Ever wondered how much Resident Advisor’s editors get paid? Current job vacancies in London and New York reveal the truth – and it’s roughly a tenth of a £750k bailout…

One of the most bizarre aspects of the dance music world is that no one seems to know how much things cost. Now, by this, we don’t mean stuff like the prices of drinks at the bar or how much you’ve got to shell out for tickets – we mean more on the business side of things.

For instance, how much does it cost to book Carl Cox to play? Nobody knows. Obviously, the price is going to vary depending on factors such as like distance to travel, the length of the set he’d be expected to play, and so on. But even with that in mind, the average person has no idea as to what that means monetarily.

And the dance music press is an even more secretive place – they dislike talking about money even more than the industry itself does. So with that in mind, Ears To The House poses a question at the start of another working week – how much do the editors at Resident Advisor get paid for what they do?

Well, once we put aside our bemusement at the notion that Resident Advisor’s editors actually do any work, we set to look for clues to the answer. And truth be told, we were expecting this task to be a lot harder than this – but the answer was on Doors Open, their very own dance music jobs website.

They’re currently advertising for two new editors – one based in London, and the other in New York. The adverts, if you can be bothered to read through all this kind of self-congratulatory nonsense…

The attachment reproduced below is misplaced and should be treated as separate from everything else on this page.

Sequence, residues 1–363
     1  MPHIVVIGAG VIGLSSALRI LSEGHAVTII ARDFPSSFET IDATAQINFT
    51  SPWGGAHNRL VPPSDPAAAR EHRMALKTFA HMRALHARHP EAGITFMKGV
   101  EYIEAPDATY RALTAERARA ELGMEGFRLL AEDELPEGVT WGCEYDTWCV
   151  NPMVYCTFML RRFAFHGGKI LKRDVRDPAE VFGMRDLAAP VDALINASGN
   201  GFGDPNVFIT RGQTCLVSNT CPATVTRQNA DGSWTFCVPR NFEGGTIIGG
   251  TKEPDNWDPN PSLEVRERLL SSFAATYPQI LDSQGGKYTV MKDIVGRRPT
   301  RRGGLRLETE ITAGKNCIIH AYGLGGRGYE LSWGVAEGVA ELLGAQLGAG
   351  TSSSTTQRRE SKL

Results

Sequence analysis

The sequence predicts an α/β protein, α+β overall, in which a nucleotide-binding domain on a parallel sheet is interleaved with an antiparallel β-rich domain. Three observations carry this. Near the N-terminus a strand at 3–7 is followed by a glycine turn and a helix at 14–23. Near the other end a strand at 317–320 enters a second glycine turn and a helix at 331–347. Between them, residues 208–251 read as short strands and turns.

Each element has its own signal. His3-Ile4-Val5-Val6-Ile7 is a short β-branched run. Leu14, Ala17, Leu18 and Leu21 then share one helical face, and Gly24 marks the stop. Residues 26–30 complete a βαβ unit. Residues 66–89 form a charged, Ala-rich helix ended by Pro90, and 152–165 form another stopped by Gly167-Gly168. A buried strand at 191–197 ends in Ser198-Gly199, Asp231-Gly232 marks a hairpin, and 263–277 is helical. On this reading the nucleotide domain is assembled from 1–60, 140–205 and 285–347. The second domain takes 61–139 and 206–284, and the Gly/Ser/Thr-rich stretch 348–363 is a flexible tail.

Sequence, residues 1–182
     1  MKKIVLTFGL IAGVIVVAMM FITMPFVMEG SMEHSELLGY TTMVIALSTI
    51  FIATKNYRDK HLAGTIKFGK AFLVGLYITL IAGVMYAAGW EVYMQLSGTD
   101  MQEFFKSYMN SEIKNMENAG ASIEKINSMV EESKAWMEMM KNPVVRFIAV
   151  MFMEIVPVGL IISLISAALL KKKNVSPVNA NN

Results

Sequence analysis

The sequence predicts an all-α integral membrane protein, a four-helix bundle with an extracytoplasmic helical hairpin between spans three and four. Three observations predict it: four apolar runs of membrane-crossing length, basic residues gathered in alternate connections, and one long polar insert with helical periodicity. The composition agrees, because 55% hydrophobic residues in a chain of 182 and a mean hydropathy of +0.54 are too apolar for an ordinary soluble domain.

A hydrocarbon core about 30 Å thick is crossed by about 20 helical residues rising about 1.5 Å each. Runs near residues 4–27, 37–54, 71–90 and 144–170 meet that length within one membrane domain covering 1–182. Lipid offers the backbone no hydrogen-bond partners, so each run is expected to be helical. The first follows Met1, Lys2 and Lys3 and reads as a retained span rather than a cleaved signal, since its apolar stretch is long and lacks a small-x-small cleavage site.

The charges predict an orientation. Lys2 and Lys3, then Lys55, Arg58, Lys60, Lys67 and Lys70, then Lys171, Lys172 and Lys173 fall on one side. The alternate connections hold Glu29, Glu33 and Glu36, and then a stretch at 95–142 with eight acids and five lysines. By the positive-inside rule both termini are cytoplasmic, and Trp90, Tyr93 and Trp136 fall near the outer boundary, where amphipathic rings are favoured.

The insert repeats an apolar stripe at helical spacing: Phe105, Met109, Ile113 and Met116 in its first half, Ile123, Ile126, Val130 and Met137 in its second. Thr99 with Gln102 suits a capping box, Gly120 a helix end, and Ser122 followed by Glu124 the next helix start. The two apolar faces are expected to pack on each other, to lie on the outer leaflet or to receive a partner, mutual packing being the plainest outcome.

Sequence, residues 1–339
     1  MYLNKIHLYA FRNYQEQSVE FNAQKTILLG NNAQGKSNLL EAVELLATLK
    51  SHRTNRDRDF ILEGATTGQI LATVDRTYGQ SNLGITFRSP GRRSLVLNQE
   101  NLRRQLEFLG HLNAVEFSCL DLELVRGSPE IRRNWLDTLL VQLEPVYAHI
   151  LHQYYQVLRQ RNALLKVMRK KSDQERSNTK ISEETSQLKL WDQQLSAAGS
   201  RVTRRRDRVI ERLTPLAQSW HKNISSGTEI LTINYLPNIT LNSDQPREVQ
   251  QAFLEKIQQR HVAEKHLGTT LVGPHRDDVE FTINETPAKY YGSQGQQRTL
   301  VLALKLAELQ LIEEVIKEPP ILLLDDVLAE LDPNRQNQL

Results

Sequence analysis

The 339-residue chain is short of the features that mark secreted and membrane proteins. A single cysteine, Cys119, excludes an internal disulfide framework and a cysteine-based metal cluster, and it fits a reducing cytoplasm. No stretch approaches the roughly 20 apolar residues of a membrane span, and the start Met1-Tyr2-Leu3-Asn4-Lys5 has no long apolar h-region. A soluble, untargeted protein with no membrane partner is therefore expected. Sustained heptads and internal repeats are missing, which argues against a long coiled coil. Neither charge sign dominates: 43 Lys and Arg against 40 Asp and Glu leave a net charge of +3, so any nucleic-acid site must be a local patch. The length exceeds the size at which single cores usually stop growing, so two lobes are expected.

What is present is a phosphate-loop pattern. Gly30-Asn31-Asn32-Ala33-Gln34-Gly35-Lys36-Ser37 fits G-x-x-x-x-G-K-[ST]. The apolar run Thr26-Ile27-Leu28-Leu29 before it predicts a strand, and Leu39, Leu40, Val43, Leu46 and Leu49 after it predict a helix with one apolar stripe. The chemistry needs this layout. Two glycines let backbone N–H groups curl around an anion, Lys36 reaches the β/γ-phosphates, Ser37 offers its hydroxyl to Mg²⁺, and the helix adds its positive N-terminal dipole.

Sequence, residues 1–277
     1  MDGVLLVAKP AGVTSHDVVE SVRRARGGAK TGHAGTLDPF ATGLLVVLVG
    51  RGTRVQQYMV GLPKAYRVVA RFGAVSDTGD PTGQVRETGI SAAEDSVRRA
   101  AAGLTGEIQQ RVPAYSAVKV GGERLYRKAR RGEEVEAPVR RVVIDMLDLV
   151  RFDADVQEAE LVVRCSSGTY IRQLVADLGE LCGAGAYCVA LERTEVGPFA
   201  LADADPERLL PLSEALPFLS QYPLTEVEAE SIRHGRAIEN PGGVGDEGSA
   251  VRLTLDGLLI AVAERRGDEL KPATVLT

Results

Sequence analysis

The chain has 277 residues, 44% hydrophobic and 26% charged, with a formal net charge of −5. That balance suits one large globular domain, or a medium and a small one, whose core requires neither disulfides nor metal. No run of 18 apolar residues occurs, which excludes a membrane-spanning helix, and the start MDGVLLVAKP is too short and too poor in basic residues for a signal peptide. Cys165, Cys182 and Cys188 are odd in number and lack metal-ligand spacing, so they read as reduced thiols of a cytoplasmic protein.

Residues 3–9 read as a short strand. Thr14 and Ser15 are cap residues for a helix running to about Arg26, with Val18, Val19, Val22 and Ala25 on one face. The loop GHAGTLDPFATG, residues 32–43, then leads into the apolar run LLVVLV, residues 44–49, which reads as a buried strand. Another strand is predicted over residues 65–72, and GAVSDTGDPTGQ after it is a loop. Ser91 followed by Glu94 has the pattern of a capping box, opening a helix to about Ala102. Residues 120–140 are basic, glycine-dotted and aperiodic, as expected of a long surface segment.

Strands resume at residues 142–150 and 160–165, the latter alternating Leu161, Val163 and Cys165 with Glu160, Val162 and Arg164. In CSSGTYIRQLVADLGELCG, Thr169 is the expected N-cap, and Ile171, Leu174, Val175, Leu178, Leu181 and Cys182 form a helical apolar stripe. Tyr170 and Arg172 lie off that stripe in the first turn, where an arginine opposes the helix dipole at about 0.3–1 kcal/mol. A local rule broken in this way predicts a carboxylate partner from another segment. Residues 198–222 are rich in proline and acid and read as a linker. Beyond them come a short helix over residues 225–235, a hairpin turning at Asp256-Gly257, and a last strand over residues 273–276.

…reveals the answer – the successful candidates can expect to earn between £45,000 and £75,000 per year. Ears To The House has previously heard rumours that editor-in-chief Whitney Wei earns over £100,000 herself – these kinds of salaries suggest the grapevine might not be far off.

To put it another way, Resident Advisor’s new editors in London and New York could earn roughly the equivalent of 10% of the £750,000 bailout given to the site by British taxpayers back in October 2020. But what does anyone expect at this point, if not this hubris?

Let’s not forget this is the same company that once had the sheer arrogance to say in their bailout application form that “our contribution to the national and international reputation of the cultural sector could not be replaced”. It seems that the relentless hiring spree continues unabated…

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